Aubrey Trail pleads not guilty, wants a trial in slaying of Lincoln store clerk Sydney Loofe

Aubrey Trail pleads not guilty, wants a trial in slaying of Lincoln store clerk Sydney Loofe
Aubrey Trail, 51, entered a plea of not guilty plea Friday when he appeared in Saline County District Court. (World-Herald News Service)

WILBER, Nebraska — Attorneys for Aubrey Trail, who pleaded not guilty Friday in connection with the slaying of Sydney Loofe, made it clear that Trail is eager to tell his side of the story.

“No one wants a trial more than Aubrey Trail,” said attorney Joe Murray, who was appointed to represent Trail. “He wants his day in court.”

Trail, 51, is facing the death penalty in connection with the death of Loofe, a 24-year-old Lincoln store clerk. Loofe disappeared on Nov. 15 after arranging a date over the Internet with Trail’s 24-year-old girlfriend, Bailey Boswell.

Three weeks later, after extensive searches by local law enforcement and the FBI, Loofe’s body was found in pieces, wrapped in black plastic bags and scattered throughout a rural area near Edgar, Nebraska.

Both Trail and Boswell have been charged with first-degree murder and improper disposal of a body.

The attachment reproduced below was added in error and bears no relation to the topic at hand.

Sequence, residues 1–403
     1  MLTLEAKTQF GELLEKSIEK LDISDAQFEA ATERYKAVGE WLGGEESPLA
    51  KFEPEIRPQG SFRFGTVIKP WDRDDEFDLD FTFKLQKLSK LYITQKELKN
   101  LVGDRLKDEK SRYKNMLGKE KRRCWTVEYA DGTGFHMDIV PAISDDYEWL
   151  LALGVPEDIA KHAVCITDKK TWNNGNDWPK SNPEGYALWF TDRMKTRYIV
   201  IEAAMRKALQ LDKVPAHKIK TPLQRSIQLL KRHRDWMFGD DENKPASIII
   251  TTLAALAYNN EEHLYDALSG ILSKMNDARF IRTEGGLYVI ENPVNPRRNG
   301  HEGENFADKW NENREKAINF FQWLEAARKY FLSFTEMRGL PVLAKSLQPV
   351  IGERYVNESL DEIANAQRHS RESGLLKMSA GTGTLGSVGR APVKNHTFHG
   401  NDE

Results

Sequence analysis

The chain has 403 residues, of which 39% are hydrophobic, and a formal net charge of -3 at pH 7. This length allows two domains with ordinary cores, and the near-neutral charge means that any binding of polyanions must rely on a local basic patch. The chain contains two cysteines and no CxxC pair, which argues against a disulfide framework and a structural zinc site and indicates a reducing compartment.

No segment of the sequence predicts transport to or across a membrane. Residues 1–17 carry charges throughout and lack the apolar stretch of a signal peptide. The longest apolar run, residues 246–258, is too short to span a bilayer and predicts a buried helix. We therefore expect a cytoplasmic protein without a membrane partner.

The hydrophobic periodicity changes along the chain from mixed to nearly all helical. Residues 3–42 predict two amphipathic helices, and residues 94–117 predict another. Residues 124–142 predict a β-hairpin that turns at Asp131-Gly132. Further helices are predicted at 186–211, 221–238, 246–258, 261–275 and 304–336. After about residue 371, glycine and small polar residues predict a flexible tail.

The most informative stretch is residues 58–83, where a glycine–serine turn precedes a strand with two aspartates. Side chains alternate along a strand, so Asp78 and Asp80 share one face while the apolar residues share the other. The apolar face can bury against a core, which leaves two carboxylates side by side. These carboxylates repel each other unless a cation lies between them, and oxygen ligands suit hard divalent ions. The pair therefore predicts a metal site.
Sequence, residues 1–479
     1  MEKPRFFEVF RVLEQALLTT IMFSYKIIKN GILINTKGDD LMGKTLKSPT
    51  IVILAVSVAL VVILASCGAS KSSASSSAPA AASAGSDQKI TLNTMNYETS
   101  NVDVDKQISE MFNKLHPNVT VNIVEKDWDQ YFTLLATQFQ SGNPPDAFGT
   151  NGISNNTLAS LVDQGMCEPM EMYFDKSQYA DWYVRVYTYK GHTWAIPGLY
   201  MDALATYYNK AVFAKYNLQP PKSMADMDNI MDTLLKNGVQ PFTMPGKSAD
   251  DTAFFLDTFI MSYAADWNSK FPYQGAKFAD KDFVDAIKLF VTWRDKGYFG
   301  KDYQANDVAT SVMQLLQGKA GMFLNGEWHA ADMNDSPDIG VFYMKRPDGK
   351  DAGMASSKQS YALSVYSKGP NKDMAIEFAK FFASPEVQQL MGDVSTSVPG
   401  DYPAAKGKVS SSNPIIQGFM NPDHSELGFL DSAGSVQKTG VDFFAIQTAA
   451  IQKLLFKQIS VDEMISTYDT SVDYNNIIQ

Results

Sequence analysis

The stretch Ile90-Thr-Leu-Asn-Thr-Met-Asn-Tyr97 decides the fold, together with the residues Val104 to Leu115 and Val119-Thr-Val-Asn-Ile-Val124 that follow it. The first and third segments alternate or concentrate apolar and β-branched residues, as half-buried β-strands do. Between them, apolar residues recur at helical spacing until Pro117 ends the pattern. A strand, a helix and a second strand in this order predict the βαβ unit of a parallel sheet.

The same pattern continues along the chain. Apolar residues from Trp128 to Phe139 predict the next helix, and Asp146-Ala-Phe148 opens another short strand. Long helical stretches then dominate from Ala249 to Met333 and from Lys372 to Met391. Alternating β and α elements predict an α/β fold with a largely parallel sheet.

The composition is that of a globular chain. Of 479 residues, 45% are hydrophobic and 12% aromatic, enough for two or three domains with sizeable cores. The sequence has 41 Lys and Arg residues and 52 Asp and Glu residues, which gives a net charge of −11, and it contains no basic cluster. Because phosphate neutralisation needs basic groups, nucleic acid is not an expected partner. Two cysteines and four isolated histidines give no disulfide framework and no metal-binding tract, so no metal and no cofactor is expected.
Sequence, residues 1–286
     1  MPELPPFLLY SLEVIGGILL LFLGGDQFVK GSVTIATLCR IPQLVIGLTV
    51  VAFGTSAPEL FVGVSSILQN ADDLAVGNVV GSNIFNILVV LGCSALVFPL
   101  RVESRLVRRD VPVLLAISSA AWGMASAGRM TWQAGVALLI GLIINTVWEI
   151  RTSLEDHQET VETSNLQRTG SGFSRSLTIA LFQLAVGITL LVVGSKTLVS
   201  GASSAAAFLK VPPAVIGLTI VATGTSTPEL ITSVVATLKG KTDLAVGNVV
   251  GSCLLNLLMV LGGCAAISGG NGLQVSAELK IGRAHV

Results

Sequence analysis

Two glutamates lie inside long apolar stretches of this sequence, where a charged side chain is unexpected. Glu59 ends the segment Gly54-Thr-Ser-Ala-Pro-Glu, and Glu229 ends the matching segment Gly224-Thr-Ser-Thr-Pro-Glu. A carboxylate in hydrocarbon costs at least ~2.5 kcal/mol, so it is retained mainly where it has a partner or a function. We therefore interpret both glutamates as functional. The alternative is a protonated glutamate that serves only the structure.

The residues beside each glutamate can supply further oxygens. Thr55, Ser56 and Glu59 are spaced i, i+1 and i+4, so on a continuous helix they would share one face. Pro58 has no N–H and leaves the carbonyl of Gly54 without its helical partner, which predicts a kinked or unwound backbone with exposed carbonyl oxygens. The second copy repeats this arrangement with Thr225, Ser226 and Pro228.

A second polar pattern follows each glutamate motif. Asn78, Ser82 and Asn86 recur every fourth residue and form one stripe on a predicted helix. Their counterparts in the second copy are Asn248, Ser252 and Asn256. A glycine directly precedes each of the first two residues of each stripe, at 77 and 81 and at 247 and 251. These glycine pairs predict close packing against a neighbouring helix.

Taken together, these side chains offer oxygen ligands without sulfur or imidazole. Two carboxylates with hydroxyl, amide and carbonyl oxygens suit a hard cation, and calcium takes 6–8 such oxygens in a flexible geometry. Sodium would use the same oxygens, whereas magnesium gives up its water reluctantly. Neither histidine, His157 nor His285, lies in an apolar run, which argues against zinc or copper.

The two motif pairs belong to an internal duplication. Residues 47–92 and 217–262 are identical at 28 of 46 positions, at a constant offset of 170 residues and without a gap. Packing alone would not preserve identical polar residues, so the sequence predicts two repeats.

No new details about the grisly murder emerged during Friday’s 20-minute court hearing.

Trail, in calls to The World-Herald and other news media outlets, has claimed that Loofe was accidentally suffocated during a sexual role-play fantasy. He and Boswell also initially claimed, via social media, that they had nothing to do with Loofe’s death.

Saline County District Judge Vicky Johnson did not set a date for a trial on Friday.

But Murray said it likely will take more than six months to review the thousands of pages of evidence that have accumulated during the seven-month period between when Loofe disappeared and when Trail and Boswell finally were charged a month ago.

Thursday, prosecutors revealed that they will seek the death penalty for Trail, alleging that a substantial history of violent crime and the “exceptional depravity” of the slaying justify it.

Ben Murray, Trail’s co-counsel, said that because of the long wait for criminal charges to be filed, he felt that prosecutors were “backed in a corner” and had to seek the death penalty, which requires proof that a murder was premeditated or deliberate, not accidental.

“They’re going to have to prove it,” Ben Murray said.

Prosecutors declined to comment as they left the courtroom Friday. They have not yet said if they will seek the death penalty for Boswell, but the case of the former high school basketball star from Leon, Iowa, has not yet progressed to that point.

We strive for accuracy. Report a typo, inaccuracy, or mistake here.